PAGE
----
Patrick Henry talked about knowing the issues and not blindly following what others say.  After he talked about listening to the sound of the siren (which is what campaign promises tend to be, regardless of the person to whom they belong), he went on to say:

Is this [listening to the song of the siren] the part of wise men, engaged in a great and arduous struggle for liberty? Are we disposed to be of the number of those who, having eyes, see not, and, having ears, hear not, the things which so nearly concern their temporal [earthly] salvation? For my part, whatever anguish of spirit it may cost, I am willing to know the whole truth; to know the worst, and to provide for it.

So how, exactly, is the common man to find the whole truth?  You have to be discerning as you listen to speeches, debates and newscasts, but there’s more.  Again, according to Patrick Henry:

I have but one lamp by which my feet are guided; and that is the lamp of experience. I know of no way of judging of the future but by the past.

If I do that, Mr. Obama’s record does not please me.  Senator Obama said that the question of when life begins is above his pay grade.  Fine.  He can think that.  But since he’s pro-choice, and his views would allow abortion to continue because he doesn’t know when life begins, what about when life ends?  As I age, I wonder about the euthanasia that is allowed in Europe.  Will it come to our county?  We have, after all, started citing European law as the basis for some court decisions.  And if euthanasia does come, why?  Is it because, by allowing abortion, we have blurred the line about what is life and what it is not, preferring instead to talk about quality of life as long as, you know, it isn’t the quality of your life or that of someone you love?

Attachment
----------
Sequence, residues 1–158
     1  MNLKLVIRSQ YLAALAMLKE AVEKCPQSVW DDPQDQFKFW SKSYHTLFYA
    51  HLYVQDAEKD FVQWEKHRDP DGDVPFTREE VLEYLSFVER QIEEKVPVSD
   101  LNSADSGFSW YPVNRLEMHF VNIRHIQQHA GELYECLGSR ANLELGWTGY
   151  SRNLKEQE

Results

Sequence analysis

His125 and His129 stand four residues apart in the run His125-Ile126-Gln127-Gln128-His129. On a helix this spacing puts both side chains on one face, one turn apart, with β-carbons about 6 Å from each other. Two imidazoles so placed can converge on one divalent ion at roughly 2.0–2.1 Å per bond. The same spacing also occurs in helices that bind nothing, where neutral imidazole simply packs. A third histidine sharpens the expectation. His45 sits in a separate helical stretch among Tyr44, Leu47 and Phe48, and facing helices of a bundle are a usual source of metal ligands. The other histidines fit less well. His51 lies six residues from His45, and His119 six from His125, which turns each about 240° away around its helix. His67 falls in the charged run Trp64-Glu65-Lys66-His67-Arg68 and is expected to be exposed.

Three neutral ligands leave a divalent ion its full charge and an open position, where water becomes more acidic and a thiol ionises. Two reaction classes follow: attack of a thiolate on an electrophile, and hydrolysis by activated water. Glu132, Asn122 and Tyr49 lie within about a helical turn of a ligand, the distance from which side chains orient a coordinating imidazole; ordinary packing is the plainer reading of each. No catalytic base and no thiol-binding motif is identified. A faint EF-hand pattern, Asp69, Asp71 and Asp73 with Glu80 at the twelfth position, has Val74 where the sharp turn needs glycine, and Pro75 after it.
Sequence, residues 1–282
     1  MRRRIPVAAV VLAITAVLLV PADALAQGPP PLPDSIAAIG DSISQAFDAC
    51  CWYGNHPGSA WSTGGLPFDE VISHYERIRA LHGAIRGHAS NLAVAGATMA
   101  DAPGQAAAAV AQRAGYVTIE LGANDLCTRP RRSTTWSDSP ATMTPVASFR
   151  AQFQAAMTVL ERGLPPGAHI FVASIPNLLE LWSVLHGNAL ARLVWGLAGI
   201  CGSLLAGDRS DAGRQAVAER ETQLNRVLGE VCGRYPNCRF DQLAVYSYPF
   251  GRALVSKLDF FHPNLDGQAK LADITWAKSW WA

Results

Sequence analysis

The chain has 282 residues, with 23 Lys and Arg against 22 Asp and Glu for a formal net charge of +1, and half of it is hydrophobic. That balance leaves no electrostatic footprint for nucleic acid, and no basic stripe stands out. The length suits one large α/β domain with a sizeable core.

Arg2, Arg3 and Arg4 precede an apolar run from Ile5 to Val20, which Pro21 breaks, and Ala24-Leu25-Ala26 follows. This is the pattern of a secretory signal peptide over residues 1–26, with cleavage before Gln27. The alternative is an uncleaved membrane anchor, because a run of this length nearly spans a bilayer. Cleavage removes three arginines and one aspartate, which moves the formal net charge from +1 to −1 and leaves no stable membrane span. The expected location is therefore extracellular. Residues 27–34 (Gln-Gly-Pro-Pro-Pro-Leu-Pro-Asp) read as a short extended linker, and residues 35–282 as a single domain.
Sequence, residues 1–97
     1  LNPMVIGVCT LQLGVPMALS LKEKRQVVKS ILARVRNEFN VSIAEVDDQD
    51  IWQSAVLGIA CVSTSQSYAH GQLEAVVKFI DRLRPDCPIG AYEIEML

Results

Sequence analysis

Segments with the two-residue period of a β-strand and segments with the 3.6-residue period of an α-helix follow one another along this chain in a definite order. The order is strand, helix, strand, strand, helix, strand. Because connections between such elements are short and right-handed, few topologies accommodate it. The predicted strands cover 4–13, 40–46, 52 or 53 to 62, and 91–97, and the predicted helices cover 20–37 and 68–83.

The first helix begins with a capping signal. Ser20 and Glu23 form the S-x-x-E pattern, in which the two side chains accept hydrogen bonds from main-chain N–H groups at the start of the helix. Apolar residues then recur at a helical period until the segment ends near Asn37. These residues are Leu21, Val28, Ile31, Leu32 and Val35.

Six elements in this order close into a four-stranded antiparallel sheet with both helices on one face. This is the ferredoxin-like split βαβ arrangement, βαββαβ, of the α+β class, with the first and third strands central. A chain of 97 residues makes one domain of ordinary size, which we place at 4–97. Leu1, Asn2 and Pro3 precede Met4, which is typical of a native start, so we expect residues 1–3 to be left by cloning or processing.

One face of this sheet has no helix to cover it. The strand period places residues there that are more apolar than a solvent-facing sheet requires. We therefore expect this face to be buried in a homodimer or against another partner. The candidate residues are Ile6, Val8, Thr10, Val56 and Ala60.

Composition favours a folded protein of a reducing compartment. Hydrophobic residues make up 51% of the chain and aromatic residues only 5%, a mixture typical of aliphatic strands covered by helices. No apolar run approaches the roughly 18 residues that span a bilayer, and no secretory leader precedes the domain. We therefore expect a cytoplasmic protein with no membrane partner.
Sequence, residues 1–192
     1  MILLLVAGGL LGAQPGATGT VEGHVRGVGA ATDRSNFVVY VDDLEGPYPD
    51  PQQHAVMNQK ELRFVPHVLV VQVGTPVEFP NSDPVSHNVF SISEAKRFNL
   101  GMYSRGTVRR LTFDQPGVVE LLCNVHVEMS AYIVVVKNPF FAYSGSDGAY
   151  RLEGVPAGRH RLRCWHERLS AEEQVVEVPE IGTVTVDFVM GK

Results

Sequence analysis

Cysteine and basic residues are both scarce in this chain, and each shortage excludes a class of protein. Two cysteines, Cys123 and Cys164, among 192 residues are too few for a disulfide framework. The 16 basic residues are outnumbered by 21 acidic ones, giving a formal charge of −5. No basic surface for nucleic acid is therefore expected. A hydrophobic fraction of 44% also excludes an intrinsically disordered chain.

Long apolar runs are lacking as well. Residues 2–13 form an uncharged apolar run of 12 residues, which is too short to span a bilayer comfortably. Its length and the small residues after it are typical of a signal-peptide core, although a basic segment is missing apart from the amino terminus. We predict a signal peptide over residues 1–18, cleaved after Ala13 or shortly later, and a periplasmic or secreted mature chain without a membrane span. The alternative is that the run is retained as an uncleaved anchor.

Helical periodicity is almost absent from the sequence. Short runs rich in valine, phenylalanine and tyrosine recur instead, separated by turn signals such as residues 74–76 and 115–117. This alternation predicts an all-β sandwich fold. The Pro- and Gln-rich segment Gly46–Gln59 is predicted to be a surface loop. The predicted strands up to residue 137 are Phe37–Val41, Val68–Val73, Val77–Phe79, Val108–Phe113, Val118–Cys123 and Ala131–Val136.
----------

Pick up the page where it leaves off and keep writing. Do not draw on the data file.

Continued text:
Let’s go back to what Patrick Henry said, that he knew of no better way to judge the future than the past.  Mr. Obama has consistently voted pro-abortion, even denying babies who are born alive after an abortion  pallative care.   Is that humane?  And if he can be inhumane in that respect, where will his values lead us as a nation?

Judging Senator Obama by his past, on Election Day I will vote for McCain, not because I agree with everything he says, but because his values, at the bare minimum, agree with mine.  He values life, and that’s a good starting place, I think, for a president to have as he makes decisions for our nation.

What will I tell the kids at school as they harass me for my standards?  I will tell them to actually listen to the issues.  I will tell them to think about their future.  I will tell them to take their responsibility as voters seriously.  I will tell them that the future of our nation will be affected by our next president, the one they’re helping to elect.  I will tell them to vote.  I will tell them I will vote.

And then, I will pray.

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2 Responses to “Patrick Henry and Judging the Future”


  1. 1 Carol October 23, 2008 at 5:14 pm

    Yes! Pray! And then pray some more. I really believe God when He says He is in authority over all kings and rulers and principalities…(and presidents)! I can see His plan unfolding before my very eyes. I just wish the worldly ones could see it, too.

    Dang! But they’re blind.

  2. 2 Sally October 23, 2008 at 8:01 pm

    I am pro-life, and I vote! I have some awards for you.